Overall, however, I tremendously enjoyed reading Beren and Luthien. I’ve always found this tale to be one of the most profoundly moving in the entire legendarium, and it’s a fascinating experience to see how it grew and changed. While casual fans of Tolkien might find this volume a little rough to read, those of us who are a little more invested will find this a truly delightful treat. 

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Reading “The Simarillion” Part One

C.S. Lewis once remarked of The Lord of the Rings that:  “Here are beauties which pierce like swords or burn like cold iron.  Here is a book which will break your heart.”   While LoTR is (perhaps rightly) Tolkien’s most famous work, the work of his heart, as numerous biographers and letters attest, was always The Silmarillion.  Lewis’s words ring even more true for The Silmarillion than they are for LoTR, for though sometimes ponderous, this book is always beautiful, always conscious of the grandness and the significance of its narrative, for it tells the tales of actions and people who will echo down through for the forthcoming ages.

Much as I love (and have long loved) Tolkien’s work in all its forms, my history with The Silmarillion, like many other fans, is somewhat vexed.  My first encounter was with a copy that my Grandma bought me (though not a fan herself, she knew I loved Tolkien’s work).  I have to admit that I had a lot of trouble with it and, being rather young and fickle, I finally gave up.  I returned several times over the years, and gradually made my way through most of the stories  Still, a full appreciation and understanding of the text eluded me.  Part of this, I suspect, has to do with the fact that I usually picked it up after having done one of my periodic readings of The Lord of the Rings, and so my attention would typically shift to something else.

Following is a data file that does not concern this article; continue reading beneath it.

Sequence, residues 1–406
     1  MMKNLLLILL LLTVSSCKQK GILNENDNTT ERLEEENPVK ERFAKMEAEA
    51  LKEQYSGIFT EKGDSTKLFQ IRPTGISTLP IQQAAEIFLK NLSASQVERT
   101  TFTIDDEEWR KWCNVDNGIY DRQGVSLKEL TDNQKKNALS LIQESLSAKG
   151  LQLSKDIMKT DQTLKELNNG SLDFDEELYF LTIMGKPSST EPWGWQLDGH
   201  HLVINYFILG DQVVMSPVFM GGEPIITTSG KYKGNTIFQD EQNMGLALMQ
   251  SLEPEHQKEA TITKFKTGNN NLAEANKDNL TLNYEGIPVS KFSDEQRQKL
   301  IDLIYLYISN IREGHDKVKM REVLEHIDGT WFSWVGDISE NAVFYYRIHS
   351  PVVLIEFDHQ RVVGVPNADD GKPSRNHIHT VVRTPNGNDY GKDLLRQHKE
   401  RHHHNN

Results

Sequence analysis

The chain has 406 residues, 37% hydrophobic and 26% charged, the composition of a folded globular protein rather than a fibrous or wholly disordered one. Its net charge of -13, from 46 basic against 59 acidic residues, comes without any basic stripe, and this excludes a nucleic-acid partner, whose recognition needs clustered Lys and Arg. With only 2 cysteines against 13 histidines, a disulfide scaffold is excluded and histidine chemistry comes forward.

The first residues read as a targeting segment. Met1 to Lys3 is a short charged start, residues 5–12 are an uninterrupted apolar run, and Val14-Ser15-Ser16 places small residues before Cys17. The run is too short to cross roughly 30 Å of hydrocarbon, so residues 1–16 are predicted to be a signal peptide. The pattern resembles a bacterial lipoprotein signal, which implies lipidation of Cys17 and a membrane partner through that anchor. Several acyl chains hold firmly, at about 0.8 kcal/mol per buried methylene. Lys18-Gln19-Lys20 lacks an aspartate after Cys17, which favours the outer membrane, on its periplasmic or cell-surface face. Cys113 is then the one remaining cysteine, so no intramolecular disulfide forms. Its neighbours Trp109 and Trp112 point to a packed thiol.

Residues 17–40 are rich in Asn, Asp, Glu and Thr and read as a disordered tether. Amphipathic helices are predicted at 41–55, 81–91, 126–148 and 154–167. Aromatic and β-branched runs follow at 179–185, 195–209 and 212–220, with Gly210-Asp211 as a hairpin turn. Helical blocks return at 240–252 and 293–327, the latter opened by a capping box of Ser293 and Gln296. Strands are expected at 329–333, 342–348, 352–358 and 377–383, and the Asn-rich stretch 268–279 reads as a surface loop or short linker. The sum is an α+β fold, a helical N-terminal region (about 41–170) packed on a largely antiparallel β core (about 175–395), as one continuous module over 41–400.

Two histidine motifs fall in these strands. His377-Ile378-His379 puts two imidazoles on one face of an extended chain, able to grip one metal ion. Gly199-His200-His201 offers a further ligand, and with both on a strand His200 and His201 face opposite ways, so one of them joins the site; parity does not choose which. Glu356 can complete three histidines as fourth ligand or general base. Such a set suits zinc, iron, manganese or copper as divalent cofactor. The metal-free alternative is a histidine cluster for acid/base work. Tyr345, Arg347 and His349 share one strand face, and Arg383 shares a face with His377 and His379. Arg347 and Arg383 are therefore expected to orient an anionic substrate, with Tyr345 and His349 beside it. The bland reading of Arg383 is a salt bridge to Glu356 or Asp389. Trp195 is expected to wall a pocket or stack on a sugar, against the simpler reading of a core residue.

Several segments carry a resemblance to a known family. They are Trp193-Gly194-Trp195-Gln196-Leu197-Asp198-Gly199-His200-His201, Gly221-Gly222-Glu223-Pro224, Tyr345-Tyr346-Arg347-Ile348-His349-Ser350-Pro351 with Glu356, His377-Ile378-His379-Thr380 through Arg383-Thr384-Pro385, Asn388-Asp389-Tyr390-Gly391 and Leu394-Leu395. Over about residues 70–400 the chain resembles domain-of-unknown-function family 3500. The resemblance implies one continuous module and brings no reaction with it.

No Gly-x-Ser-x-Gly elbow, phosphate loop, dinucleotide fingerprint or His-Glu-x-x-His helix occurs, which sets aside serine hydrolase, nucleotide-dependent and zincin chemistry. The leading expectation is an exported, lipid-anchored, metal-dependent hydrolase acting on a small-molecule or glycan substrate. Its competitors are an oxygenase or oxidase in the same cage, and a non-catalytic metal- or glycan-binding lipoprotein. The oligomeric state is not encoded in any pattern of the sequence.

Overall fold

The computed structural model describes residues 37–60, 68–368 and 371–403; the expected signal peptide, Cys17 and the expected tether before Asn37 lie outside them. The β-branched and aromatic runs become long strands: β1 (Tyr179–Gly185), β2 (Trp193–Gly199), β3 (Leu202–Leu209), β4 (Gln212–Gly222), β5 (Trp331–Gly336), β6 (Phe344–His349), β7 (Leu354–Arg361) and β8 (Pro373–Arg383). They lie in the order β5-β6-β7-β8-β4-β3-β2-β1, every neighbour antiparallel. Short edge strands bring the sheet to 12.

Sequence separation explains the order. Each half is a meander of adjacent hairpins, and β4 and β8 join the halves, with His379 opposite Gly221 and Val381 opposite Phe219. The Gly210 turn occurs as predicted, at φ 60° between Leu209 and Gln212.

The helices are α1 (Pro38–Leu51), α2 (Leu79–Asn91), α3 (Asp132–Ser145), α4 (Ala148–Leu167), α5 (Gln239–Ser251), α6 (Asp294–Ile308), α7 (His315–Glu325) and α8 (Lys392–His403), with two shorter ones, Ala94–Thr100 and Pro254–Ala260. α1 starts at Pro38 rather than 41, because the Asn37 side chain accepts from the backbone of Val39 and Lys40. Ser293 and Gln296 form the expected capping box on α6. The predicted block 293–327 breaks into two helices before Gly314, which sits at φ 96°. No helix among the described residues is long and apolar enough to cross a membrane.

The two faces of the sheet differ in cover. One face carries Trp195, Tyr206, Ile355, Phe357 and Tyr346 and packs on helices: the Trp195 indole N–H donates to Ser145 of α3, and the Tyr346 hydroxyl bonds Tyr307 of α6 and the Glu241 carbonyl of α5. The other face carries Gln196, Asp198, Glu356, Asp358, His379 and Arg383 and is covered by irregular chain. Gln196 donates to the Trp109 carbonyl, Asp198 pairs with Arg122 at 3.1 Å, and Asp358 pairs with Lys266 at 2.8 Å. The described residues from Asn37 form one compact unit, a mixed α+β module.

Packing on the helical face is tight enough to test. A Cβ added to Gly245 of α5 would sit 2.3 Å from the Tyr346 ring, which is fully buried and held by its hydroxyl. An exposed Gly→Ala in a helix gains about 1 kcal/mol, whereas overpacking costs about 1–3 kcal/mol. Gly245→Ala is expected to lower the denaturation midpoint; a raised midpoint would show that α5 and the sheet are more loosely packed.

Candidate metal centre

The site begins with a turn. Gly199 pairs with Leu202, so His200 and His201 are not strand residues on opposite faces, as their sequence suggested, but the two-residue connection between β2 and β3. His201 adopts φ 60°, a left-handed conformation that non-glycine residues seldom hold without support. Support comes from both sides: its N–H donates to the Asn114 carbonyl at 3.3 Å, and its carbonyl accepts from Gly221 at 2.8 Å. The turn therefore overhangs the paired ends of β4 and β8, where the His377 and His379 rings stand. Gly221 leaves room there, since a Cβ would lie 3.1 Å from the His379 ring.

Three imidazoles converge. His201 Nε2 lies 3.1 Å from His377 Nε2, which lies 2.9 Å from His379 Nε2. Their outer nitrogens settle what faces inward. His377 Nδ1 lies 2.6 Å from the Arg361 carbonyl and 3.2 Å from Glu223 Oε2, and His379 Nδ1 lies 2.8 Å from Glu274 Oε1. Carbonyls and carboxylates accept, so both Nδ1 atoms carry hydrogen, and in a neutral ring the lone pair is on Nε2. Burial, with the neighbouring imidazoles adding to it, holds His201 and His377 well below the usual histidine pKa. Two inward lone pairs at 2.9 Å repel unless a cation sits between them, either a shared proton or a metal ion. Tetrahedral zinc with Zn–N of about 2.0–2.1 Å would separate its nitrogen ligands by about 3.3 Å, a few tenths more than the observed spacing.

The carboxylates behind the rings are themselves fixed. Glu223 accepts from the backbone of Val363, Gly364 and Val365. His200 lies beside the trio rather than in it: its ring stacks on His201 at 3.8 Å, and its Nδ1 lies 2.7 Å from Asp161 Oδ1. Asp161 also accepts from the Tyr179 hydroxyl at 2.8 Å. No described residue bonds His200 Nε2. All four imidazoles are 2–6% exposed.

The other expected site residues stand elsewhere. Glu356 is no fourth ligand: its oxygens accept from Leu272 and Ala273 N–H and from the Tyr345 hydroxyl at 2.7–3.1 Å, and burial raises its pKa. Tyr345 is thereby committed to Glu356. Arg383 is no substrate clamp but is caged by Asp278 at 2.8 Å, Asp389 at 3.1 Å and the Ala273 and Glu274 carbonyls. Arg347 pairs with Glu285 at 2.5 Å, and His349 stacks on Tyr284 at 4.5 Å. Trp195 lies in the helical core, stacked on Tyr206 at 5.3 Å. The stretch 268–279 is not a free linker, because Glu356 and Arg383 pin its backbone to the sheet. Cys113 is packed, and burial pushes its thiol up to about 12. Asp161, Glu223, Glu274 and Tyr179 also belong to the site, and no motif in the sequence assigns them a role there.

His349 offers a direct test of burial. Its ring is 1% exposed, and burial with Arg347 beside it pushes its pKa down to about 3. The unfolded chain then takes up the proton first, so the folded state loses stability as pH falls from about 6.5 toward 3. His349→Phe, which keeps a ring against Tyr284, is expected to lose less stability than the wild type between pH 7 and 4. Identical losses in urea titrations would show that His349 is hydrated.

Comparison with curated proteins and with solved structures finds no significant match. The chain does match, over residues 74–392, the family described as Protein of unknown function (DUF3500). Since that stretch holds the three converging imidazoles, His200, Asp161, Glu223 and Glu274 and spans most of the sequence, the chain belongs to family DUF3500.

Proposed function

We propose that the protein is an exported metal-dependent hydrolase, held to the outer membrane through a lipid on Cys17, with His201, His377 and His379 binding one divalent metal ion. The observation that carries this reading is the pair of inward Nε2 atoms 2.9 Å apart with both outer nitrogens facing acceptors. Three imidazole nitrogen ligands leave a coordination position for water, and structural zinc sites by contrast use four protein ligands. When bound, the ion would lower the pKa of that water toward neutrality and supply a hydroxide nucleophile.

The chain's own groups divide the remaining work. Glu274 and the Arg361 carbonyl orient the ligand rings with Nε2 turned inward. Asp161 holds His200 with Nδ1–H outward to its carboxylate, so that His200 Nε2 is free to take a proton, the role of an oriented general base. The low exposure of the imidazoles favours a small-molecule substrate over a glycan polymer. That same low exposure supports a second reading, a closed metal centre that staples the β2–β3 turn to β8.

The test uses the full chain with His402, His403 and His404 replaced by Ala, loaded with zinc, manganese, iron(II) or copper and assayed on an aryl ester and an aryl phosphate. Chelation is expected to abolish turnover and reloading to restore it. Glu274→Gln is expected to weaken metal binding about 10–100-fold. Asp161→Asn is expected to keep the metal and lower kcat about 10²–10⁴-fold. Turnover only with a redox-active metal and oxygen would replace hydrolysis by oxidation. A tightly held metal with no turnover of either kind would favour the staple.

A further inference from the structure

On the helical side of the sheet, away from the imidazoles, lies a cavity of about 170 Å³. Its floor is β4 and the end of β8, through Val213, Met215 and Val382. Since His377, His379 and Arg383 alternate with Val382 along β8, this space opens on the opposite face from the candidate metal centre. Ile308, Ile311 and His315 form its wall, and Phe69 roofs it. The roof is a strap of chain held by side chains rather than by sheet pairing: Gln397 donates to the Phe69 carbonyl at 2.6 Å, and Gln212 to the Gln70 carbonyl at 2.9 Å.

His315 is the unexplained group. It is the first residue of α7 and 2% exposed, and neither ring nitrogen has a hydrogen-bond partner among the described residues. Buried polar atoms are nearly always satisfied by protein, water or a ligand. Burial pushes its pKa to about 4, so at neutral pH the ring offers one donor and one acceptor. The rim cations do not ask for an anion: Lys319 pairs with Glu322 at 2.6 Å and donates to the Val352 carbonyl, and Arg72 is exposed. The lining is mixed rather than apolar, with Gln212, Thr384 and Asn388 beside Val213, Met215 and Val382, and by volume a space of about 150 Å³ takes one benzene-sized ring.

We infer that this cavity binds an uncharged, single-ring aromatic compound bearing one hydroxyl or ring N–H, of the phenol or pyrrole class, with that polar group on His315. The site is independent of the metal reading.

This time, however, I have decided to start with The Silmarillion and only then make my way to LoTR.  So far, I have to say, the experience has been a marvelous one.  Tragedy saturates this work, working at its core, suffusing all that it seeks to portray.  From the destruction and malice wrought by Morgoth upon all things of beauty that the Valar attempt to make, to the ill-fated Feanor and his sons, this work captures the pinnacles and the troughs of the Elves.  Time and again as I have worked my way through it I have found myself as deeply moved, if not more so, than by even the most poignant passages in LoTR.  For all the tales of tragedy and bone-deep sorrow, however, it also contains a great deal of hope, for from the very beginning Tolkien makes clear that even the most hateful and destructive of deeds ultimately work to fulfill the grand purpose of Eru.

There are tales here that evoke and tap into the deep wells of emotion of all myth, and in that respect Tolkien has succeeded in what he sought:  the creation of a grand mythology for England.  His Elves, especially the Noldor (of which Feanor is one of the chief and most notable), are a people high and proud, and rightly so.  They are in many ways the apogee of sentient life in this world, but with that great power and wisdom comes also their greatest weakness.  Beauty in this world always comes with a price, and such is the case with the eponymous Silmarils, whose beauty is the root of the revolt of some of the Elves.  Just as importantly, however, beauty is also transient, which for the immortal Elves remains a source of their greatest sadness.